After soaring to an all-time peak in August 2020 in US dollar terms, gold has traded on either side of $1800 per ounce throughout 2021. The yellow precious metal reached a record level in nearly all currencies in 2019 and 2020. Gold was the first member of the commodities asset class to reach record territory; in 2021, copper, lumber, and palladium followed gold to new record highs, with many other raw materials rising to multi-year highs.
Gold is a hybrid as it is a metal with industrial applications and a financial instrument with thousands of years of history as a store of value and means of exchange. Central banks, monetary authorities, governments, and supranational institutions validate gold’s role in the global financial system. They hold the precious metal as an integral part of foreign exchange reserves. While most other reserves are fiat currencies, gold is a hard asset with its supply limited to above-ground stocks. Increasing gold supplies comes from extracting the metal from the earth’s crust.
At the $1800 level at the end of August, gold’s price action has been static. The yellow precious metal is in a coma as it continues to consolidate and digest the August 2020 record high.
One year has passed since gold reached its record high
After making a high of $2063 per ounce in August 2020, gold corrected and has been digesting the move to the new record high.
As the weekly chart highlights, gold futures have made lower highs over the past year. However, lows have been higher since gold reached a low of $1673.30 during the week of March 8.
Open interest, the total number of open long and short positions in the COMEX gold futures market was at 550,509 contracts on August 7, 2020, when gold traded to its all-time high. The metric stood at the 503,249 level at the end of August, after falling to just over 450,000 contracts in late June 2021. Declining open interest during price weakness is not typically a technical validation of a bearish trend in a futures market.
Meanwhile, weekly price momentum and relative strength indicators were sitting at just over neutral readings in late August 2021. Weekly historical volatility at 8.76% is at the lowest level since early 2020, reflecting the precious metal’s narrow trading range.
$1800 is the yellow metal’s pivot point
December COMEX gold futures closed at the $1820 per ounce level on August 31, 2021.
As the daily chart illustrations, $1800 has become a pivot point for gold futures since mid-June 2021. Each time the price moved above or below the current pivot point, it has drifted back towards $1800. Since June 17, December futures have traded as low as $1677.90 and as high as $1839 per ounce. At a settle price of $1818.10 on August 31, the price was above the $1758.45 midpoint of the range.
Inflationary pressures have not taken gold to the next level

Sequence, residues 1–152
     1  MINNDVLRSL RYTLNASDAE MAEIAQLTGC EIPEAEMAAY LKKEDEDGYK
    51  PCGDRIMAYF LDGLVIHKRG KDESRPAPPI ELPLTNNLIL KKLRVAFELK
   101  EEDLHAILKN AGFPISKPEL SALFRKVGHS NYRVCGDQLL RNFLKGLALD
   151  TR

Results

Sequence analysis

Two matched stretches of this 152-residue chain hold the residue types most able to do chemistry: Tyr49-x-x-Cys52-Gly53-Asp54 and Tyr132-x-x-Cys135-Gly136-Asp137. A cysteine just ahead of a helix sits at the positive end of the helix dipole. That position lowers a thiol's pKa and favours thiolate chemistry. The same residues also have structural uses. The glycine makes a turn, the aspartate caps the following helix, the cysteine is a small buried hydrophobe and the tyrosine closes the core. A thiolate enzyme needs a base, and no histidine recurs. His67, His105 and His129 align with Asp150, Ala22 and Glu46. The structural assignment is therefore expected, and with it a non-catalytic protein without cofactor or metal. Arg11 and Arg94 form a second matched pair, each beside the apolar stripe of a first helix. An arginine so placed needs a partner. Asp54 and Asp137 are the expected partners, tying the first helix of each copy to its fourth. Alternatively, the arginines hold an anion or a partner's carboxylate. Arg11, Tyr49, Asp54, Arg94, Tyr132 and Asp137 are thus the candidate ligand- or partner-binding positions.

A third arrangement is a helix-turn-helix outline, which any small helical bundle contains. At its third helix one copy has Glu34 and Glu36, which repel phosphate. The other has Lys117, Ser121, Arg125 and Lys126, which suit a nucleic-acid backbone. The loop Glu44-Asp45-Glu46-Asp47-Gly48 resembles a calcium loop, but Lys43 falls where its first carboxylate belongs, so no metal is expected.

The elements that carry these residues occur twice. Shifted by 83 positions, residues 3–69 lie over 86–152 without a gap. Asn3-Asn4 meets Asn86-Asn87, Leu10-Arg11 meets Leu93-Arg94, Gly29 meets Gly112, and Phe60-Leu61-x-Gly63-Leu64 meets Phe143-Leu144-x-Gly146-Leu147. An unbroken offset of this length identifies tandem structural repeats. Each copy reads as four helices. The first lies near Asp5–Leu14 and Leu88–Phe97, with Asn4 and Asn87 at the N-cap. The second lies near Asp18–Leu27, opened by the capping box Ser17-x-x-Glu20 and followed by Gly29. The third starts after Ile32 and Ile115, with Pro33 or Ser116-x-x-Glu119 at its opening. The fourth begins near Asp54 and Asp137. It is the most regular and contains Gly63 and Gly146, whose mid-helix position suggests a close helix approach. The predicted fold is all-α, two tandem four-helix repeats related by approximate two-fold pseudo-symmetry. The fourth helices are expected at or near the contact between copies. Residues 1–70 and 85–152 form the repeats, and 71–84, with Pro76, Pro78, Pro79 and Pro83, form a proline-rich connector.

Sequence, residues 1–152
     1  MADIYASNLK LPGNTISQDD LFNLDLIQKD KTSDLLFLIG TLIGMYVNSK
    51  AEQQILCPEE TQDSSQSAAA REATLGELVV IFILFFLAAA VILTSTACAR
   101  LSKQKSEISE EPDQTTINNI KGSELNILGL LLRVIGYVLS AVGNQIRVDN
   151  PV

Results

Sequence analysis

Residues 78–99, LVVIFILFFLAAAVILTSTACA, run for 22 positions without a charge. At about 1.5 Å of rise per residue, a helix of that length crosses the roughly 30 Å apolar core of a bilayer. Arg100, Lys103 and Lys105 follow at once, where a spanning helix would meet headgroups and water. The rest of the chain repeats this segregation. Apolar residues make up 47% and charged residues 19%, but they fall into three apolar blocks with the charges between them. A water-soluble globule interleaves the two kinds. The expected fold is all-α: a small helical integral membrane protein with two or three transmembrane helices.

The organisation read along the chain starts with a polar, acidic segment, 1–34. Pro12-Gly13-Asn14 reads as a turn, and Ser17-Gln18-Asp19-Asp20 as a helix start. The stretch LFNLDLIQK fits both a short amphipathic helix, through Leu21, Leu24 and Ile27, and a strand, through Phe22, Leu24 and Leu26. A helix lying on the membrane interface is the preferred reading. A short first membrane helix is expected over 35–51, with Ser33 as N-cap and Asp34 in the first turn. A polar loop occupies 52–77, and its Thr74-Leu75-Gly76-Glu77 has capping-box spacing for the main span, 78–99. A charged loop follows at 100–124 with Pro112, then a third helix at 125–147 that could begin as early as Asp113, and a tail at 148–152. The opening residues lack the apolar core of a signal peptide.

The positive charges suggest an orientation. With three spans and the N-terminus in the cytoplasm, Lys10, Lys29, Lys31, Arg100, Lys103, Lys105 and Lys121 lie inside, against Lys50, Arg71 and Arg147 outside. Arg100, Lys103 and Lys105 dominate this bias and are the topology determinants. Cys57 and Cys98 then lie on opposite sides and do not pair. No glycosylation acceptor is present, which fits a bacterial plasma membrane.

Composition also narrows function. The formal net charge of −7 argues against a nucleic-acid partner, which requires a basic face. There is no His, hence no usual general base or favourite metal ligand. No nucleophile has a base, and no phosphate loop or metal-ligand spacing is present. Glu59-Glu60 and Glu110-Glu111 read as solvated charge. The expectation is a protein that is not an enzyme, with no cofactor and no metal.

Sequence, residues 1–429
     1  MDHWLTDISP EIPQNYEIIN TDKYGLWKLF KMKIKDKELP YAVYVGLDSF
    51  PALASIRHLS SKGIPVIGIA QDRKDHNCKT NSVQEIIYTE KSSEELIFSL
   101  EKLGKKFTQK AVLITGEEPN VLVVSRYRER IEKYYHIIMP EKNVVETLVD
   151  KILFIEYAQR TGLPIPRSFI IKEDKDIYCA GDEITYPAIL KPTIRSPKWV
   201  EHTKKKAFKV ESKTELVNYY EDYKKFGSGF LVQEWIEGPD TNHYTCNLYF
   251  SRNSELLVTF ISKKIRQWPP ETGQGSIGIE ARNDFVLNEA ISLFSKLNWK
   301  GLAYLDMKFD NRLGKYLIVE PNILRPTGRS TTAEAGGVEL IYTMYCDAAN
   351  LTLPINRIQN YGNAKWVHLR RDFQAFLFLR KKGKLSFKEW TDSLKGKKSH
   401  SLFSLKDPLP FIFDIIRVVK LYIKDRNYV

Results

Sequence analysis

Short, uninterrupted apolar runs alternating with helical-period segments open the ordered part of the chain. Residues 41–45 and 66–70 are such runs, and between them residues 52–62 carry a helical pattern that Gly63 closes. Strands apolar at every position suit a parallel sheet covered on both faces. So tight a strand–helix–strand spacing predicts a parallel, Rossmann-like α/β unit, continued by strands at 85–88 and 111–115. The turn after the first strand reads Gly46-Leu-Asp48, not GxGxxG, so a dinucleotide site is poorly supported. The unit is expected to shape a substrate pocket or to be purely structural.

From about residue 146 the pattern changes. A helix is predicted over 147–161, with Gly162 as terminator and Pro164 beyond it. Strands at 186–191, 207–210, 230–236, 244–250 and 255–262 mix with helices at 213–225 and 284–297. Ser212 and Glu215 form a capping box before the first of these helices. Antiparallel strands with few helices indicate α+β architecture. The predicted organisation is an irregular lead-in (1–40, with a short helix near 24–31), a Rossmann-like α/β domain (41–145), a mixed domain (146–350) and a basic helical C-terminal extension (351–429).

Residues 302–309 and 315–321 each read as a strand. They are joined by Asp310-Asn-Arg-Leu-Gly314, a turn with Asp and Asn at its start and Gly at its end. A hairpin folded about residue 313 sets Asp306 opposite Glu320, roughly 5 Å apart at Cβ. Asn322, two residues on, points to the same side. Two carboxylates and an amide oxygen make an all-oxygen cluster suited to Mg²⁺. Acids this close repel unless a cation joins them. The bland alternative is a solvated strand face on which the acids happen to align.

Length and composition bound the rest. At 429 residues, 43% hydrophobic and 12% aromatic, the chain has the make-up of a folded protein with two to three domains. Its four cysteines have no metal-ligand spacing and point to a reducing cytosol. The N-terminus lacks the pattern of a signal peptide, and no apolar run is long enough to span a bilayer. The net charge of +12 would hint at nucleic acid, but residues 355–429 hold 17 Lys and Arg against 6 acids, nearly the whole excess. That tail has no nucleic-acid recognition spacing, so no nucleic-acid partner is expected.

Over the past months, the consumer price index rose to its highest level in decades, reflecting rising inflation. In late August, Fed Chairman Jerome Powell told markets the central bank would soon begin tapering its quantitative easing program. The Fed has been buying $120 per month of debt securities to keep a lid on interest rates further out along the yield curve. While the conditions are ripe for tapering, the Fed has told the markets they do not foresee any increase in the short-term Fed Funds rate from zero percent any time soon. Tapering QE will not tighten credit as the Fed will continue to buy bonds. Meanwhile, the zero percent interest rate will continue to provide free money and liquidity to markets.
Moreover, the government stimulus will continue with an infrastructure package and budget that includes many stimulative initiatives. While monetary policy gets a touch less dovish, fiscal policies will continue to fertilize inflationary pressures over the coming months and years. So far, rising inflation has not pushed gold higher as it continues to trade on either side of $1800 per ounce.
The dollar index rose to a new high for 2021 - A roadblock for gold
Reserve currency values are a function of interest rate differentials. With a slight pivot towards tightening at the Fed, the dollar index rose to a new high for 2021 in August. The dollar is the world’s reserve currency. As the US currency rises against other world foreign exchange instruments, it tends to weigh on gold’s price.
The dollar index has made higher lows and higher highs throughout 2021, reaching its most recent peak at 93.75 on August 20, a new high for 2021 and the highest level since November 2020. The dollar index traded in a range of 91.99 to 93.98 in August 2020. In August 2021, the range was from 91.82 to 93.75. Meanwhile, the dollar was trending lower in August 2020 and higher during the same month in 2021, which has likely weighed on the yellow metal.
Bull markets rarely move in a straight line. New record highs tend to lead to a correction and period of price consolidation.
Every dip for over two decades has been a buying opportunity
Gold’s bull market began around the turn of this century. In 1999, the price traded to a low of $252.50 per ounce on the nearby COMEX futures contract.
The chart shows that gold has made higher lows and higher highs over more than two decades. At the $1818.10 level at the end of August 2021, gold was still 7.2 times the price at the 1999 bottom.
Over more than two decades, every pullback in the gold market has been a buying opportunity. As inflationary pressures continue to rise, eroding the value of all fiat currencies, the bullish trend is likely to continue. Gold may be in a coma after correcting from the August 2020 high, but the odds of continuing the bullish trend remain high. I expect we will see new highs in the yellow metal over the coming months.